So the question (and the champagne cork) has been popped, and you’re now down to the nitty gritty of getting your big day planned.
More important than your handsome Mr-to-be, hair ‘do or hen ‘do? The dress, of course! Damsel in a Dress duo Amanda Seobourne and Alison Mansell have designed gorgeous wedding dresses and bridesmaids’ dresses this season, inspired by classic gowns and contemporary styles.
And, if you’re currently looking for a gown to make your wedding party go ‘Wow’, you might be interested in the traditions that influenced wedding dresses over the years: after all, in a moment that defines your future, it’s only appropriate you should have something borrowed from the past!
Below is a quick rundown of the veils, trimming and trends that prevailed over the last two centuries. Warning: may contain frequent references to Royalty…
Before Queen Vic walked down the aisle in the mid-19th century, white wasn’t a colour particularly associated with weddings (so you can put aside the idea that it was traditional to represent the bride’s ‘purity’). The reigning monarch chose white, apparently, because she had a favourite piece of expensive lace she wanted to incorporate into her garb.
It’s also interesting that up until around the Victorian era, bridesmaids would often be dressed in a very similar fashion to the bride: it’s thought that this tradition dated back to Roman times, when witnesses were garbed in bridal gear (and ladies all in matching elaborate red veils) to outwit evil spirits who might want to place a curse on the happy couple.
An age of austerity meant less fabric to go around, and Coco Chanel took advantage of this in typically groundbreaking style. Her functional fashion house was famous for making comfortable, practical clothing and a knee-length wedding gown with a long train was elegant but easy-to-wear for flappers who fancied something different.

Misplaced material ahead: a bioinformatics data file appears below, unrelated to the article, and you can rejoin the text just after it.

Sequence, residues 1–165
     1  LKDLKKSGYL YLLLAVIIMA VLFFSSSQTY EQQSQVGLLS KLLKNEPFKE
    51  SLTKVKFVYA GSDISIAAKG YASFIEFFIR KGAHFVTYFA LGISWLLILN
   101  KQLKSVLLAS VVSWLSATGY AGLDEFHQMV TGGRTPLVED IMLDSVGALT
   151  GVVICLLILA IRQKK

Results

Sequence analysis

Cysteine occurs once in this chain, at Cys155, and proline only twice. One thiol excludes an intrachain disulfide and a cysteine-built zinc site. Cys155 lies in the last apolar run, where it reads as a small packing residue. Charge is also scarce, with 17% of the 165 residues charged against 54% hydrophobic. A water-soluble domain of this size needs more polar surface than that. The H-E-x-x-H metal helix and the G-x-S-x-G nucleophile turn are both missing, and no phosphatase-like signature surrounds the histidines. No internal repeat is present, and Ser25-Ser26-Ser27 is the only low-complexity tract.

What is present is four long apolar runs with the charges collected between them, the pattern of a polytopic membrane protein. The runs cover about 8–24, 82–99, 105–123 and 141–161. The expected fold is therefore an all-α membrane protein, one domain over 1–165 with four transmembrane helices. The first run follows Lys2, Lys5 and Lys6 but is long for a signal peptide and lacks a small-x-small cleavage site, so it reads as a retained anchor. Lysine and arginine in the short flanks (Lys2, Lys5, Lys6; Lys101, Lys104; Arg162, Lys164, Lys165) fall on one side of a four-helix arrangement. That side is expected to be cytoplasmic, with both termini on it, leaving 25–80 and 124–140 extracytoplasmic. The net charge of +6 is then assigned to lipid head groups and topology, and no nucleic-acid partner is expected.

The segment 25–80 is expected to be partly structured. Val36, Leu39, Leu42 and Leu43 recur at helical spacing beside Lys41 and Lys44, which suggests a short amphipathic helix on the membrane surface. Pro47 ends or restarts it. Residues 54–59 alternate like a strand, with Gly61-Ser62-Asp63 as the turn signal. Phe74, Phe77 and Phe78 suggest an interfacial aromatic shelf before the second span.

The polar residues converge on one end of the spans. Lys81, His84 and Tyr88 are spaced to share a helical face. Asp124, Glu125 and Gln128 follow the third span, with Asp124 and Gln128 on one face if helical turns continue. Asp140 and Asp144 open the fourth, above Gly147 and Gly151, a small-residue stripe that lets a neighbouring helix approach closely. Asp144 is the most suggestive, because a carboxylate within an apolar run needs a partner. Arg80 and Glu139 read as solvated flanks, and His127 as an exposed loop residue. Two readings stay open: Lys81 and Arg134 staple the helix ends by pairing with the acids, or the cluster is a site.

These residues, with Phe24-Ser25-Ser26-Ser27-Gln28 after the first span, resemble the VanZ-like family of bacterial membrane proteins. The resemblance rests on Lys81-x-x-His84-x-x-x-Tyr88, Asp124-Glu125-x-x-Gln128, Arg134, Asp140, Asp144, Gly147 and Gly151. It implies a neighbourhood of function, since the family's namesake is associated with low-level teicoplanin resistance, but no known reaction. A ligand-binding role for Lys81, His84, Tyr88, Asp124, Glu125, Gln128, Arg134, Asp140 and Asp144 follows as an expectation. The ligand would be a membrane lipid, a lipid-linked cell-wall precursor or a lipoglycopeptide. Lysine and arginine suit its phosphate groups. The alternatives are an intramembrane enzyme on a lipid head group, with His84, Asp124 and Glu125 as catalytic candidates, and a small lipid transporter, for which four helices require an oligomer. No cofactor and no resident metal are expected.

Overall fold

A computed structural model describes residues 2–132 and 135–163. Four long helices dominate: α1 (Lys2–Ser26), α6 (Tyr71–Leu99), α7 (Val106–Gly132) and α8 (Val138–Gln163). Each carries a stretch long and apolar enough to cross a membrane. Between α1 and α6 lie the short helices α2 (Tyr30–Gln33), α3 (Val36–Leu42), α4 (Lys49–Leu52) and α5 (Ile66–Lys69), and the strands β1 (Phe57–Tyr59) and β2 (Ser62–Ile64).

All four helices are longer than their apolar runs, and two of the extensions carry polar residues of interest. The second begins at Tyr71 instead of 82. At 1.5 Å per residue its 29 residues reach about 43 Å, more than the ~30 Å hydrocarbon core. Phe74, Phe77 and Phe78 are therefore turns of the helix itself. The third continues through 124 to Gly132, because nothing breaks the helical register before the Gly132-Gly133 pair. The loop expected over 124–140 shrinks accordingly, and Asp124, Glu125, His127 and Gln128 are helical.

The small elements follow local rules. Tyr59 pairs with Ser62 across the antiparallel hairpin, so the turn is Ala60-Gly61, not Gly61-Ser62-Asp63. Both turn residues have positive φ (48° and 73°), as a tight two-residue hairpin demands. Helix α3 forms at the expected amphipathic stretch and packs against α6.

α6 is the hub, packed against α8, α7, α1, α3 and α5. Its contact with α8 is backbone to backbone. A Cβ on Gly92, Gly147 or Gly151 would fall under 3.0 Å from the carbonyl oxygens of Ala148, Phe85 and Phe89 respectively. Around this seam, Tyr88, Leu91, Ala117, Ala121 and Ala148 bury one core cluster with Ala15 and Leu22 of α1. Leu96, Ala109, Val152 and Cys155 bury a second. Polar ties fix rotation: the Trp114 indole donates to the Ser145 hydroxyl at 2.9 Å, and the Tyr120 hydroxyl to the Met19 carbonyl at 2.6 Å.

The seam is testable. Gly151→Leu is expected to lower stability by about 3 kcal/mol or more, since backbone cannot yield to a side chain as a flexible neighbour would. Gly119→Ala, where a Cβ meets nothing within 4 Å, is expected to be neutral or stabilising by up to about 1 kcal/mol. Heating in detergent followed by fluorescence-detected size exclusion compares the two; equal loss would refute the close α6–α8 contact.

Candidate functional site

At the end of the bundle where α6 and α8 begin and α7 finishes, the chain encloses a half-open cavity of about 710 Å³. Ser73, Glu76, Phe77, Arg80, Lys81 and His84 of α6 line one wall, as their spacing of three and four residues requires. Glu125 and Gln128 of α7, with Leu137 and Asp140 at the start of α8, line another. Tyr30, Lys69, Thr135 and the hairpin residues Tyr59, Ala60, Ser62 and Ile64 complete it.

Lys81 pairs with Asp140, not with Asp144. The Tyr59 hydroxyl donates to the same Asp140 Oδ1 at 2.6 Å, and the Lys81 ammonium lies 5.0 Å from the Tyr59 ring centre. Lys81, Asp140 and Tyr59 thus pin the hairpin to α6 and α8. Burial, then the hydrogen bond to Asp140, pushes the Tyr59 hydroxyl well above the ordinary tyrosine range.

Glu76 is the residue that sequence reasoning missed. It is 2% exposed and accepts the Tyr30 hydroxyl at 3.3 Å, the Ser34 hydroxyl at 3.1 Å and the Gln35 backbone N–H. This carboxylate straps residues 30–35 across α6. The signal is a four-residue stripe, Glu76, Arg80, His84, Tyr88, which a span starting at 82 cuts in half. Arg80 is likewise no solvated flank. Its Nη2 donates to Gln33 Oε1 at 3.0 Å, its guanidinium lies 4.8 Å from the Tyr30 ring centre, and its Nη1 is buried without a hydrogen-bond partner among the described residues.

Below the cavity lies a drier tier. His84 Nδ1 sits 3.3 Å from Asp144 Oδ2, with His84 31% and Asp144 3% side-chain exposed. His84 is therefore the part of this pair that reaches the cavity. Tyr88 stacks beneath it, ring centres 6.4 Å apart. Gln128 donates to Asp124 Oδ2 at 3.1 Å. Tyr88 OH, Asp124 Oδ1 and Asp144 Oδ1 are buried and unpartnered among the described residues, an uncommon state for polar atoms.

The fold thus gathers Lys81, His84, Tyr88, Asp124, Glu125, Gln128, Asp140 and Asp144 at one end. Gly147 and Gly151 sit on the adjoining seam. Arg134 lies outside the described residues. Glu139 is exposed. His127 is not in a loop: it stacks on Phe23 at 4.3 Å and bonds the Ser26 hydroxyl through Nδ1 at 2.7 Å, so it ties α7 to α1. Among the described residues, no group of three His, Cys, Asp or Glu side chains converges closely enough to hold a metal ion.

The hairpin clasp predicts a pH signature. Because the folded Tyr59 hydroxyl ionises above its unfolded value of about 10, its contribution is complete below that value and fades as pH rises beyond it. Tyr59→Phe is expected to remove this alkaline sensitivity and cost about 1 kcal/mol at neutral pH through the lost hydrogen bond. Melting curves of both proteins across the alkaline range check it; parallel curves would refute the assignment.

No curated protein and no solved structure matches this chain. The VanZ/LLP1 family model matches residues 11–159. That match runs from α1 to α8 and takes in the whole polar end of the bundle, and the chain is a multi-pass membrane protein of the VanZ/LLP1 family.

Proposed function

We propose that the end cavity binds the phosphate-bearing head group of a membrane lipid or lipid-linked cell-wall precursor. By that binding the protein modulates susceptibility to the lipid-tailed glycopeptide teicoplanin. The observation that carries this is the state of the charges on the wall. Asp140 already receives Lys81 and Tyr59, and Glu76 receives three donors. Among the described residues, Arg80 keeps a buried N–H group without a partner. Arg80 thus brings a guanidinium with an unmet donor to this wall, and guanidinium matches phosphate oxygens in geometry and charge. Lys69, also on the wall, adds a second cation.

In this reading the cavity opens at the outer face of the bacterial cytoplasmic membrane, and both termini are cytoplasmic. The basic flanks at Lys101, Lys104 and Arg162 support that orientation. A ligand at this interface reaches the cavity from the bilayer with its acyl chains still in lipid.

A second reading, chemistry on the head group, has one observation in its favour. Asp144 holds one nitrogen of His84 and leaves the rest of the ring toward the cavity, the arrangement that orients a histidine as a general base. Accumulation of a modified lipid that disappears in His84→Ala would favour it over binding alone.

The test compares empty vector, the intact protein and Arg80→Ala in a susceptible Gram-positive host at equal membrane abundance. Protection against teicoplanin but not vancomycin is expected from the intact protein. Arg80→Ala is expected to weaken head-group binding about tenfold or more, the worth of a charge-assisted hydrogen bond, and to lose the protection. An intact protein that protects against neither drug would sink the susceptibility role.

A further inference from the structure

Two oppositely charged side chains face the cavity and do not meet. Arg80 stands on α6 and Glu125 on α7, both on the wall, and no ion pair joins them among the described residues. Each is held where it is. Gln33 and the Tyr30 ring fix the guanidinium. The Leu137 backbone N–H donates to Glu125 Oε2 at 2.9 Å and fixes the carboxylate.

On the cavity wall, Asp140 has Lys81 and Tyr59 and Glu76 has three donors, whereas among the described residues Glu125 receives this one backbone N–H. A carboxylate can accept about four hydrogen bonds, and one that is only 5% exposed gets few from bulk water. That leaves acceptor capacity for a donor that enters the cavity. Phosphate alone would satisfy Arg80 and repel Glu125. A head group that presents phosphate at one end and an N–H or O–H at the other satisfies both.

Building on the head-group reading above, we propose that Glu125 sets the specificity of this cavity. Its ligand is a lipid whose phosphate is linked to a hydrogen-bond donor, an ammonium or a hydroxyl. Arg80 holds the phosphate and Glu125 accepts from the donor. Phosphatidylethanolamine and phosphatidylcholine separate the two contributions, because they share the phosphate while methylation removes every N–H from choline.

Influenced by the Royal bride and film star Grace Kelly, fitted gowns with lace overlays become favoured by fashionable brides-to-be. Long, silky and with an Edwardian bust were de rigueur, while trendy young things wore mini dresses with yellow-toned and floral detailing to say their vows. Even though free love reigned, bridal modesty was kept sacrosanct with high necks and long flared sleeves.
For a Royal example, see Queen Sofia of Spain’s lovely, lacy gown from 1962; she and King Juan Carlos celebrate their 50th wedding this year, and she’s still one of the chicest ladies in Europe.
Influenced by Princess Diana’s large gown, the 80s continued a trend started at the end of the 70s: big skirts, lots of guaze and puffed sleeves. As the decade progressed, strapless gowns become more popular; not only are they easier for dressmakers to fit, they allow brides to bare a bit of skin without sacrificing the voluminous skirt and train.
Katherine Middleton may not rule the country just yet, but she certainly rules the roost when it comes to wedding inspiration. Her sleek dress by Sarah Burton for Alexander McQueen hearkened back to a 1960s style: modest around the bust, fitted around the waist, a train but no big puffy skirt. The lace around the neck was pure Grace Kelly, and the dress itself pure, timeless class.
Take a look at Damsel in a Dress’s gorgeous line for more inspiration!